The Investigation of Steven Avery

I would say at the time of the first  case police department had Steven Avery on their radar because it wasn't an overpopulated area and they knew him well, knew he was a violent psychopath and were just waiting for him to commit another crime, not because they wanted him to, but because they figured one day they would be knocking on his door again. So a woman gets raped and her description matches Avery (he DOES look very much like the actual perpetrator). As far as I know, the police department didn't know about the other guy for years, so it isn't like they had two guys who could have done it and they chose Avery. What they had was Avery and a woman who identified him as the man who raped her. And she swore she had ample time to memorize his face. Well, with no DNA in those days to match and a victim who identified Avery, a violent psychopath, the police thought it was him. So did a jury.

Now, Avery is out and Teresa Halbach goes missing. As I detailed in the last blog, all the evidence led to Avery's door, so the detectives would be derelict in their duties if they didn't go investigate him. My guess is they really would rather have never heard of Avery again because the last thing they probably wanted was to have to arrest him again considering how well that went last time and how nasty the public just might get with suspecting them to be screwing up again (and this documentary proves it could indeed have gone badly).

Lucky for the cops, there was a large amount of evidence and the confession of Brendan Dassey. Enough for a conviction which they got.

Remember what I just said about varying levels of police competency; you can't judge the guilt of a suspect on the perfection of an investigation; you must judge on the totality of the evidence. When you find a whole lot of evidence proving guilt, it shouldn't be erased because of one confusing piece of evidence or one cop's screw-up. The real question is - with the known evidence - does it amount to proving guilt?

Brendan Dassey's interrogation could have been better but it could have been far worse. I find a few things he said were more likely to have been said because the interrogator fed him the information. This is poor interviewing. However, the majority of the interviews were not scripted by the police, were quite freely given, especially the confession he made to his own mother. Even Dassey's lawyer (the one his mother got rid of) believed Dassey was confessing he was involved in the crime, confessed convincingly enough and without undue pressure..that regardless of his level of intelligence...the jury was going to believe he committed a crime alongside his uncle. This is why Dassey's lawyer wanted him to plead out. He was trying to cut the length of his sentence down.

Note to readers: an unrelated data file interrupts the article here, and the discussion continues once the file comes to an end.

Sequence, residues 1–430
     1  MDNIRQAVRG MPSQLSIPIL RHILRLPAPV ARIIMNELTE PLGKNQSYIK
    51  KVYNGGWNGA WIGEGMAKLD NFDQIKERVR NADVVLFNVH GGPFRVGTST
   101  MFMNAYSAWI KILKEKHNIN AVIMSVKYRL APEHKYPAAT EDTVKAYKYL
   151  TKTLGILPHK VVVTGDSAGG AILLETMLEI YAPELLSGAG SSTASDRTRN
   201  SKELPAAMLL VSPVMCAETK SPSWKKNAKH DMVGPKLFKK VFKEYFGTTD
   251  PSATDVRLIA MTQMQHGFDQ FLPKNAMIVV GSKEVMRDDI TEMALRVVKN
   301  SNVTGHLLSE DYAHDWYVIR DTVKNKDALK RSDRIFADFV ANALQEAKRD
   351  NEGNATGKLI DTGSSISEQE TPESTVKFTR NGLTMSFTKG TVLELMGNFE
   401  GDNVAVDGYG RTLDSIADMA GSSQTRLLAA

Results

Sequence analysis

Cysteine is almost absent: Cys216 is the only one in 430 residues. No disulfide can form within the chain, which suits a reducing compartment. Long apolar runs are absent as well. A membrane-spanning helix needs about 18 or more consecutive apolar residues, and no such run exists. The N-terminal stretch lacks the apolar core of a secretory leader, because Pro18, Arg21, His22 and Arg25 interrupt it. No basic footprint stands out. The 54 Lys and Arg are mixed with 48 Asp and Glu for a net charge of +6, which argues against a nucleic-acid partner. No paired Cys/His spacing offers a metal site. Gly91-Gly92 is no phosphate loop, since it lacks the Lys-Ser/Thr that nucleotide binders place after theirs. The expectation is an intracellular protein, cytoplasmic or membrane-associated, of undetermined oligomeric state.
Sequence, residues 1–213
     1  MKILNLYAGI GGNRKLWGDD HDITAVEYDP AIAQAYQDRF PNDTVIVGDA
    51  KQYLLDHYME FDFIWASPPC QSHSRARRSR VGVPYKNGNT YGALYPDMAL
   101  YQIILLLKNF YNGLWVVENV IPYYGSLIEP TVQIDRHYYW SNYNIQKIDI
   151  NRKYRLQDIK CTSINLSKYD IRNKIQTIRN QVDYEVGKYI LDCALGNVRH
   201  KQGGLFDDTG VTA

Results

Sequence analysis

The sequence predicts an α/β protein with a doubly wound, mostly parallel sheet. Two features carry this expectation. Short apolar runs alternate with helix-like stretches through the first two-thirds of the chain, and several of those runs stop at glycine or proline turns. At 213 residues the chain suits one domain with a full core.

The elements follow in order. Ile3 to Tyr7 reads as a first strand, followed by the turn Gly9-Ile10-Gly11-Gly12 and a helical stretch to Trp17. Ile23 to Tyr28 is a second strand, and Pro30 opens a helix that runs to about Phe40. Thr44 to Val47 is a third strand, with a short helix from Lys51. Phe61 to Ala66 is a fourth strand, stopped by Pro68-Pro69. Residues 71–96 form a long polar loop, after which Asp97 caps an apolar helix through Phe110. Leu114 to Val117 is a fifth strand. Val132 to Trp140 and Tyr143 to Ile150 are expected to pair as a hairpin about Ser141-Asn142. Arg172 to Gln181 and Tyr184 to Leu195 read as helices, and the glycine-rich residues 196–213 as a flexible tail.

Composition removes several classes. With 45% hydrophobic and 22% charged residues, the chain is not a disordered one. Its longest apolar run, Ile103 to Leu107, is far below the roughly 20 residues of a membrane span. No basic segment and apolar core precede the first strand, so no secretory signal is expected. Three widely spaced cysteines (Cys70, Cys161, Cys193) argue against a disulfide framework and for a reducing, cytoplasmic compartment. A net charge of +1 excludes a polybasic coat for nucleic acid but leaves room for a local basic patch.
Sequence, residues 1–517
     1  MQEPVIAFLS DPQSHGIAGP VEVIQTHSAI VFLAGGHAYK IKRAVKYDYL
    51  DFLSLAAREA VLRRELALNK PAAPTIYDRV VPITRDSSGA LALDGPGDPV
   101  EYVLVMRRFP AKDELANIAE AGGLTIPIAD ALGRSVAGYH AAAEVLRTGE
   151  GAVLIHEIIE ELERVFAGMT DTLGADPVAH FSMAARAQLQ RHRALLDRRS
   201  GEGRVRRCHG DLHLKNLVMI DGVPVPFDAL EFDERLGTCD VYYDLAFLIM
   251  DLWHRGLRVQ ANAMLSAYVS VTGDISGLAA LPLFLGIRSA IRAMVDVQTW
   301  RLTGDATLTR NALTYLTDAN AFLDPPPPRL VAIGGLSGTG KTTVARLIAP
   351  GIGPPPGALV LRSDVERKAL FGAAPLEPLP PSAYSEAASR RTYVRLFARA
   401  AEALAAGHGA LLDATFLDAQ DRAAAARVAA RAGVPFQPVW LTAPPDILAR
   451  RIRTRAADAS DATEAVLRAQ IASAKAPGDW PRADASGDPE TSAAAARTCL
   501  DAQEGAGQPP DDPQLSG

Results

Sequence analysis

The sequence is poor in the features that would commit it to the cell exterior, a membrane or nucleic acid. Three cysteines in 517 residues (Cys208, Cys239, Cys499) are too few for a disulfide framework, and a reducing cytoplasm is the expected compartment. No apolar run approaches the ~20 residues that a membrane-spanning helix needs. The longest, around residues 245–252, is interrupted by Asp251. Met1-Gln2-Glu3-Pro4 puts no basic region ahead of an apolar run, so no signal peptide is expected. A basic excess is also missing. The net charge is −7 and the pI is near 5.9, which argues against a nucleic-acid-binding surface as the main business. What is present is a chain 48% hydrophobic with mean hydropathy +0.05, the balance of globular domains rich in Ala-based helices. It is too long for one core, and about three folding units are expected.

Along with a good confession, all the evidence - ALL OF IT - the victim's last place seen, the car, the body, the phone, the key, the blood, the DNA - ALL OF IT - could be connected to Steven Avery. That is pretty unusual for any case of railroading. Most railroads have minimal evidence; usually just a confession or questionable DNA or a bad witness or some really sketchy circumstantial evidence. This case had an abundance of every kind of evidence linking to Avery.

Now, let's talk about police planting stuff. Let's skip planting the body and the car...too ridiculous to consider. So we have blood in the car and the key. EVEN if the cops planted this, the other evidence is still good enough for conviction. But, let's look at it. The blood vial was NOT used for planting blood evidence. The defense attorney and the documentary makers should be sued for saying this. The blood is Steven Avery's and did not come from that tube. Avery had a cut on his finger and that is where the blood came from. Likely that blood also got onto the key which he most likely wiped off, eliminating Halbach's DNA from the key. Then he got his own DNA on it while hiding it in that piece of furniture , keeping it just in case he needed to move the car. That the key wasn't found right away is not surprising if it was hidden in the back of the furniture in a crack or wherever and only popped out and fell to the floor when the piece of furniture was moved more strongly. Again, sometimes evidence is not immediately found because it is well enough hidden or it is just missed.